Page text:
Thread: Drive gears for an 18" slip roll.

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Drive gears for an 18" slip roll.

Gentlemen,

Please forgive my ignorance on this subject. I need help determining the correct size gears for this roller. Hopefully this can be done without having to turn the shafts down anymore. This is my first time using actual gears to transmit power on something I have built (normally use chain or belts).

Rolls are 1.75" Diameter.
Drive ends are turned down to 1" Diameter with .25" key ways.
Fully closed the shaft spacing is 1.75" center to center.
Max. material thickness will be .125"

S6304788 (Medium) by robg531, on Flickr

S6304789 (Medium) by robg531, on Flickr

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The formula for Center Distance is CD = (N1+N2) / (2 x Diametral Pitch) Using 16 DP to start you get:

So in your case 1.75 = (N1+N2) / (2x 16) = 56 = (N1+N2). Divide 56 by 2 and you wind up with two 28 tooth gears. Of course you can substitute other diametral pitches and rework the formula to use different tooth counts.

Hope this helps.

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I can tell you for sure that I would not make that with two gears. Two gears are fine for sheet metal but if you want to roll e.g. 1/4x1" strap with two gears it won't work because the gears just won't mesh. Big rolls use 3 gears and a banjo arm setup so the gears are always in perfect mesh. I hate the two-gear setup on rollers because just when you open them up to near-max capacity to roll something, the gears start not working right.

I'd love a heavily built 18" roller that can open properly to at least admit 3/16" stock. I know the rolls will flex. I can deal with that. As long as I don't exceed their elastic limit it won't hurt the roll.

metalmagpie

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This thread might give you some ideas.

Regards.

Steve.

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Originally Posted by Errol Groff
The formula for Center Distance is CD = (N1+N2) / (2 x Diametral Pitch) Using 16 DP to start you get:

So in your case 1.75 = (N1+N2) / (2x 16) = 56 = (N1+N2). Divide 56 by 2 and you wind up with two 28 tooth gears. Of course you can substitute other diametral pitches and rework the formula to use different tooth counts.

Hope this helps.
Thank you very much.

Originally Posted by metalmagpie
I can tell you for sure that I would not make that with two gears. Two gears are fine for sheet metal but if you want to roll e.g. 1/4x1" strap with two gears it won't work because the gears just won't mesh. Big rolls use 3 gears and a banjo arm setup so the gears are always in perfect mesh. I hate the two-gear setup on rollers because just when you open them up to near-max capacity to roll something, the gears start not working right.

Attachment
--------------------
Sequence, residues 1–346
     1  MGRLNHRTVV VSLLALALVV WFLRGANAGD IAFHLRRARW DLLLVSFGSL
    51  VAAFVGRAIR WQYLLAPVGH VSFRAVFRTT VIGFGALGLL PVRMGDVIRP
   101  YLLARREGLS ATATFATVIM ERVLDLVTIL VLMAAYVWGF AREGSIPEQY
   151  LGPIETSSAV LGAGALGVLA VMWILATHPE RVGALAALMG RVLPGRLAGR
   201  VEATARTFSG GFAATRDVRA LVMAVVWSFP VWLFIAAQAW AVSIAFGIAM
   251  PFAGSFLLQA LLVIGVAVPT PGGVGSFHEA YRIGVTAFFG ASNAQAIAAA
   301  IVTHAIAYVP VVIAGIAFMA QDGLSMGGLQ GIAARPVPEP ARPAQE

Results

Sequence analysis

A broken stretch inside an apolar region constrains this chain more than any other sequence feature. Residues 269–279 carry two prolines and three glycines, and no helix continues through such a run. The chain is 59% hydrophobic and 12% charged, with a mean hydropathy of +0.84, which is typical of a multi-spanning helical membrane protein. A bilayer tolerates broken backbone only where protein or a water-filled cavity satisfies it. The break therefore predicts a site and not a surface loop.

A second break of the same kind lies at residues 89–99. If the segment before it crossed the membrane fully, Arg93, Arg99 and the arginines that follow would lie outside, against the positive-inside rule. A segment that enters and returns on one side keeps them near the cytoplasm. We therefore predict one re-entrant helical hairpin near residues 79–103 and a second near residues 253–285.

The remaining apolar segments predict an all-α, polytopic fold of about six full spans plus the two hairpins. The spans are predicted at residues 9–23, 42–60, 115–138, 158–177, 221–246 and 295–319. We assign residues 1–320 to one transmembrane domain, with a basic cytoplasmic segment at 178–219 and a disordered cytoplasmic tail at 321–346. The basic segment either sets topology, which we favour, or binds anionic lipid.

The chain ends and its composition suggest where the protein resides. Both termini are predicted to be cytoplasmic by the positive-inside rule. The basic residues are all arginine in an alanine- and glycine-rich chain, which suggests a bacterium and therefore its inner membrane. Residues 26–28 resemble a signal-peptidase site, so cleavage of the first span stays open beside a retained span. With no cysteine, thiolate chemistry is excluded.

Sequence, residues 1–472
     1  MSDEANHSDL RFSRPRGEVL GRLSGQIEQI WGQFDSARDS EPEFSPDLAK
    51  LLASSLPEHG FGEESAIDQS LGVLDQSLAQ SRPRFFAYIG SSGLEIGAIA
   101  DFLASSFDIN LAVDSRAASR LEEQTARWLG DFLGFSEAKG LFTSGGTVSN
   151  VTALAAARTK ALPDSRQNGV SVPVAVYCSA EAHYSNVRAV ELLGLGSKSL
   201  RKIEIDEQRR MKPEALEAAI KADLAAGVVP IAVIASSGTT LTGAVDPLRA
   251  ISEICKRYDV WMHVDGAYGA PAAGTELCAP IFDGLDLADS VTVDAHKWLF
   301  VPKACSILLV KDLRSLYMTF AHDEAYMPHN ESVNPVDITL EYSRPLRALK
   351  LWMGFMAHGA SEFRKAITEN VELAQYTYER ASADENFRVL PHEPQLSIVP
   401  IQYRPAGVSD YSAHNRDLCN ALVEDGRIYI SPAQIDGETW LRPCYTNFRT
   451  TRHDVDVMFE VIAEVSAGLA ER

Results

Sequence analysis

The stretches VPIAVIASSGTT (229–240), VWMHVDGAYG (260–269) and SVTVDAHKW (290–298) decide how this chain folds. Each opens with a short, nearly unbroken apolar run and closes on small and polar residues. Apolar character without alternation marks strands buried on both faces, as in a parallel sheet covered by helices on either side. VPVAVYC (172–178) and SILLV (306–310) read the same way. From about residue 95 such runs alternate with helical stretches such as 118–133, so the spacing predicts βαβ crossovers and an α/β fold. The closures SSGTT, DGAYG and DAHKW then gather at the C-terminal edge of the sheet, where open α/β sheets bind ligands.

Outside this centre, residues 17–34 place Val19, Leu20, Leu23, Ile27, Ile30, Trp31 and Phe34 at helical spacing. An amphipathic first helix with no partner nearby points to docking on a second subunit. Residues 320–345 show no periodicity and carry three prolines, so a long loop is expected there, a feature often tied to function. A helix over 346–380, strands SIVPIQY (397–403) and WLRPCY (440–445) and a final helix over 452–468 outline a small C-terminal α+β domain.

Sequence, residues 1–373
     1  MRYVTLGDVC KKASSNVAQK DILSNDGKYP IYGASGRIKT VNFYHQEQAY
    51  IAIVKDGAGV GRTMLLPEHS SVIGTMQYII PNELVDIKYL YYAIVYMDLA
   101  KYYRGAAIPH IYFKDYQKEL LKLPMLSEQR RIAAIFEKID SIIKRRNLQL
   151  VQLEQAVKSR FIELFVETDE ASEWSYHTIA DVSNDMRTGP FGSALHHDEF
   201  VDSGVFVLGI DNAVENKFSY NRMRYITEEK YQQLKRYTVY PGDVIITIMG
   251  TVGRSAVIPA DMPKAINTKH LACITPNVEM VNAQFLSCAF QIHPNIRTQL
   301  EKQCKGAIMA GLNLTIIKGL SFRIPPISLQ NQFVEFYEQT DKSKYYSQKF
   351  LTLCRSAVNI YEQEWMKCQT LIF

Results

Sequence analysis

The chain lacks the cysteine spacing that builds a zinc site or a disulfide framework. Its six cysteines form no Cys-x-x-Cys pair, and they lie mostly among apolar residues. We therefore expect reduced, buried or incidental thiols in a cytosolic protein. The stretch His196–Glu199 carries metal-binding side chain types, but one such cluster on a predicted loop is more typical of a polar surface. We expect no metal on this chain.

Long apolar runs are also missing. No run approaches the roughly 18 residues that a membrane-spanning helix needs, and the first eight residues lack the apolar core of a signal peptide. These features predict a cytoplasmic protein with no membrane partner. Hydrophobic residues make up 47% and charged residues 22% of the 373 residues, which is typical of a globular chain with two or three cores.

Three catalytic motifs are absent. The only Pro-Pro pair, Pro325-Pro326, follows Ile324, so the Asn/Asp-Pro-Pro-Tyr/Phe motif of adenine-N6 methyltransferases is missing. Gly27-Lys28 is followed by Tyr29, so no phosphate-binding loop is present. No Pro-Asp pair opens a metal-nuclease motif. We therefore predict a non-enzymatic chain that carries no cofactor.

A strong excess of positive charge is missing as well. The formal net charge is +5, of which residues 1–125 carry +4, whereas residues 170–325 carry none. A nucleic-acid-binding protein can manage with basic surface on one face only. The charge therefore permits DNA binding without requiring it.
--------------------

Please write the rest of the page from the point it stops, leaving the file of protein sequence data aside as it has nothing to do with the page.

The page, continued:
I'd love a heavily built 18" roller that can open properly to at least admit 3/16" stock. I know the rolls will flex. I can deal with that. As long as I don't exceed their elastic limit it won't hurt the roll.

metalmagpie
This one is strictly for sheet metal less than .125" thick. Already have a chain driven pyramid roll for the thicker stuff.

Originally Posted by rythmnbls
This thread might give you some ideas.

Regards.

Steve.

Wouldn't you know it, while scrounging through a tub of old gang drill parts at work yesterday I found 5 17 tooth gears that looked pretty close to the size needed. After a trip through the solvent tank and bead blaster this is what they looked like.

While boring the first one discovered that they are cast iron. After boring, slid them on the shafts to check tooth engagement. Not as much as I'd like but should be useable up to 16 gauge material.

Broached the keyways and put it all back together. Decided to test it with a piece of 12" wide 20 gauge mystery sheet. This material is leftover die tryout stock from work. It's a little stiffer than normal hot rolled. Ran the rear roll all the way up and snugged the other two on the sheet. Cranked the handle about two turns and ended up with a 2.25" diameter cylinder. I think this will be a nice addition to my tool collection.

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Last one.

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Originally Posted by metalmagpie
I'd love a heavily built 18" roller that can open properly to at least admit 3/16" stock. I know the rolls will flex. I can deal with that. As long as I don't exceed their elastic limit it won't hurt the roll.

metalmagpie
Stay tuned.....I'm sitting on a 9' long chunk of 3 1/2" solid round I purchased to make a set of heavy rolls. I've got other projects to finish first, but it's on my list.

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